by Dr Shock in Dr Shock MD PhD

Empathy is an important asset for a doctor. This ability to appreciate patients’ emotions and express this emotional awareness improves clinical outcomes, professional satisfaction, and patient adherence to medical recommendations, and is believed to significantly improve patient satisfaction. More on empathy and what it is can be read here
There is a significant decline in empathy [...]

Related posts:Empathy during Medical Education There is a significant decline in empathy occurs during......... Read more »

  • December 8, 2009
  • 11:14 PM

Hammer Time

by Dr. M in Deep Sea News

Every time you see me that Hammer’s just so hype
I’m dope on the floor and I’m magic on the mic
Now why would I ever stop doing this
With others makin’ records that just don’t hit
I toured around the world from London to the Bay
It’s Hammer Go, Hammer MC Hammer, Yo Hammer
And the rest can go and [...]... Read more »

McComb, D., Tricas, T., & Kajiura, S. (2009) Enhanced visual fields in hammerhead sharks. Journal of Experimental Biology, 212(24), 4010-4018. DOI: 10.1242/jeb.032615  

  • December 8, 2009
  • 10:26 PM

Amyloid: Junk That Builds Up Between the Cells

by Reason in Fight Aging!

As we get older, many different types of errant and unwanted proteins, the chemical byproducts of metabolism, build up and accumulate between our cells. Collectively these are known as forms of amyloid, a term that might be familiar to you in connection with Alzheimer's disease, but there are many other types of amyloid beyond that implicated in the destruction that Alzheimer's brings to the brain. For example, the work of the Supercentenarian Research Foundation implicates a different form of a........ Read more »

Xue, W., Hellewell, A., Gosal, W., Homans, S., Hewitt, E., & Radford, S. (2009) Fibril Fragmentation Enhances Amyloid Cytotoxicity. Journal of Biological Chemistry, 284(49), 34272-34282. DOI: 10.1074/jbc.M109.049809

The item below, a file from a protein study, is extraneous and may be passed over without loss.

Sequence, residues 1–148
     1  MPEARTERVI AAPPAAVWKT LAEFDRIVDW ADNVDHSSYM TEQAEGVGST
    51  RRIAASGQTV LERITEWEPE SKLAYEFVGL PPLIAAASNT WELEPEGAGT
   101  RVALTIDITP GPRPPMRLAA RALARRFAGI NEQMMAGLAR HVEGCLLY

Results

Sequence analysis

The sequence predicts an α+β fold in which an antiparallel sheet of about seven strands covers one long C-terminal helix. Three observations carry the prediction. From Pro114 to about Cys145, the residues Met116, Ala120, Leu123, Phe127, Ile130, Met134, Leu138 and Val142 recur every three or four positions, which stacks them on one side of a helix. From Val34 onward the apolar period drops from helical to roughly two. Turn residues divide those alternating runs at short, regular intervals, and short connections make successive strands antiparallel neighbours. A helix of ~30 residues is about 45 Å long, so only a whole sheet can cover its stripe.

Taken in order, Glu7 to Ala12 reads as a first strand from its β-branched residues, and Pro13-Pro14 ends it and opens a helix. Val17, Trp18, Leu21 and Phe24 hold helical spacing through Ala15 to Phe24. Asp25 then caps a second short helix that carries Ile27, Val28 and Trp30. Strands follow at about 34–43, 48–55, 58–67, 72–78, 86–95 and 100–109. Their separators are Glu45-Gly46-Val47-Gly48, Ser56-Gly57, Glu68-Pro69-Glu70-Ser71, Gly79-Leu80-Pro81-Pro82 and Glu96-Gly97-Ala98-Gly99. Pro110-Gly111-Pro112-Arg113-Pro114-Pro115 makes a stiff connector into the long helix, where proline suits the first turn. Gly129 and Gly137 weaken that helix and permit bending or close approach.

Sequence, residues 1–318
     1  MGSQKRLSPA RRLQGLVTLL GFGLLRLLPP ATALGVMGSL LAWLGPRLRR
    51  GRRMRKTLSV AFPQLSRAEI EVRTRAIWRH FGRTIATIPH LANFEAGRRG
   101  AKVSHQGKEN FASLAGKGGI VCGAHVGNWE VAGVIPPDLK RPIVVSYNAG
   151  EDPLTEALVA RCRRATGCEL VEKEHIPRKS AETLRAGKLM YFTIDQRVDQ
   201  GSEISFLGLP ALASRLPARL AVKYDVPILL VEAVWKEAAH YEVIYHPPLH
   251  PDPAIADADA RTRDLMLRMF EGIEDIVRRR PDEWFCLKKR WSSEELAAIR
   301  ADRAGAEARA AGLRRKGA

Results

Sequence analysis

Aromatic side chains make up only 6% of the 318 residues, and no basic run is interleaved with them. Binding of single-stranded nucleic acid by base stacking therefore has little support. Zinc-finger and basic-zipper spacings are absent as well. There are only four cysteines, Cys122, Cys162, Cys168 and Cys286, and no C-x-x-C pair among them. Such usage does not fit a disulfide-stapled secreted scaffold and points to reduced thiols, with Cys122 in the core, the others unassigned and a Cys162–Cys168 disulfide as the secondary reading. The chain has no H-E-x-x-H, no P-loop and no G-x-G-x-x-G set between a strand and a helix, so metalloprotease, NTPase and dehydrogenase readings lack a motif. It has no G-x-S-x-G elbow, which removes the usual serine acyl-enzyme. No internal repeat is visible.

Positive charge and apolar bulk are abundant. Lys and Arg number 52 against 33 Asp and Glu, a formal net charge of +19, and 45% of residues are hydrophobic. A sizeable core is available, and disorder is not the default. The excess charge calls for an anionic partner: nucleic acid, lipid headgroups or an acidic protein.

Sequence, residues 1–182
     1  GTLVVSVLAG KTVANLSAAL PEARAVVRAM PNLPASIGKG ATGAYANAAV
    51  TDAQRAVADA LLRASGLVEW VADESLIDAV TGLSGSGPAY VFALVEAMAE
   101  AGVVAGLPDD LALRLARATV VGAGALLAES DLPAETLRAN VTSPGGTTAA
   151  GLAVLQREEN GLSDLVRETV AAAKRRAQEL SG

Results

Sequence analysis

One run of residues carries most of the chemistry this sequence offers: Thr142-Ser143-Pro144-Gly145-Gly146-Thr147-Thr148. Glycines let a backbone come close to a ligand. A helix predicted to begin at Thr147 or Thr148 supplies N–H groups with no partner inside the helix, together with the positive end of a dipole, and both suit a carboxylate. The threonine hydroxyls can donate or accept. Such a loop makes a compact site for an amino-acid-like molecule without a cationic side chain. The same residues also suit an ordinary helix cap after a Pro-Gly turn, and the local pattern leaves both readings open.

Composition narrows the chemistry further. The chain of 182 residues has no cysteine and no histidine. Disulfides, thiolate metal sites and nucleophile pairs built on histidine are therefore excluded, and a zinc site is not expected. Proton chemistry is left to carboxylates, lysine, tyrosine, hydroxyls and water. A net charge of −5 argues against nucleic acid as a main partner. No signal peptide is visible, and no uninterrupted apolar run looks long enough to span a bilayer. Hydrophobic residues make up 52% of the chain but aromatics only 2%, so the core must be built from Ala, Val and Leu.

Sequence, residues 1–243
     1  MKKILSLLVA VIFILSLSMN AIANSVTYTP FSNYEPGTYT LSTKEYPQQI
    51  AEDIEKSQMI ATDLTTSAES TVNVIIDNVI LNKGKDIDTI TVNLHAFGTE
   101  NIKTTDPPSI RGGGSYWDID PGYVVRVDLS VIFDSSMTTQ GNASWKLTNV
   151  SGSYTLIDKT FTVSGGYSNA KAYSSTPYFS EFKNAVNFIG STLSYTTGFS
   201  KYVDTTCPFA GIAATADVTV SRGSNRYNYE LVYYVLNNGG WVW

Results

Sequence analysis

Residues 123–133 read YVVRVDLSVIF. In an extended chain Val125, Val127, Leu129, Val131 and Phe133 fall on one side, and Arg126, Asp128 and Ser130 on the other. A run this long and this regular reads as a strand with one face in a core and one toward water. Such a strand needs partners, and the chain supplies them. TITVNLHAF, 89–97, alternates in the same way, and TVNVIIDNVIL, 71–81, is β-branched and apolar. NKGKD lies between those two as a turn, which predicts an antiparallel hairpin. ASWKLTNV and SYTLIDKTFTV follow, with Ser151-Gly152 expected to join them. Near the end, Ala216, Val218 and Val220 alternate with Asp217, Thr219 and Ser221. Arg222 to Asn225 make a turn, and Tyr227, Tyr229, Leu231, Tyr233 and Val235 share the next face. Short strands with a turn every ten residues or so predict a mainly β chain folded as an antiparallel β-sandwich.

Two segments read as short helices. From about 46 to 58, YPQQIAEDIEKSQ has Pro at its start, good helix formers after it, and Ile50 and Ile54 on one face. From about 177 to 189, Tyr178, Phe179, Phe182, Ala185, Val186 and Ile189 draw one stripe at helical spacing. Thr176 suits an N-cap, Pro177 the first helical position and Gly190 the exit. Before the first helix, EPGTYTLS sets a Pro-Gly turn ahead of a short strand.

• December 8, 2009
  • 10:08 PM

Cardiovascular Fitness is Linked to Intelligence (in Young Men...Young Swedish Men...and Lab Mice)

by Daniel Hawes in Ingenious Monkey | 20-two-5

It's ok already! I will lace up my running shoes: First a University of Princeton team shows that exercise lets lab rats produce neurons with improved stress response (i.e. they don't respond), and now a group of Swedish neuroscientists is telling us that improved cardiovascular fitness actually makes young men smarter...... Read more »

Aberg MA, Pedersen NL, Torén K, Svartengren M, Bäckstrand B, Johnsson T, Cooper-Kuhn CM, Aberg ND, Nilsson M, & Kuhn HG. (2009) Cardiovascular fitness is associated with cognition in young adulthood. Proceedings of the National Academy of Sciences of the United States of America. PMID: 19948959  

  • December 8, 2009
  • 07:40 PM

The genetics of both host and pathogen matter in antibiotic-refractory Lyme arthritis

by Microbe Fan in Spirochetes Unwound

The arthritic form of Lyme disease was first reported in the 1970s by Allen Steere, who described the condition in a group of children (and a few adults) residing in and around the town of Lyme, Connecticut. Lyme arthritis can strike when Borrelia burgdorferi introduced into the skin by an Ixodes tick burrows into deeper tissues and ends up in the joints, usually the knee. Swelling results from an inflammatory response to B. burgdorferi residing in the joint. Lyme arthritis is treated with anti........ Read more »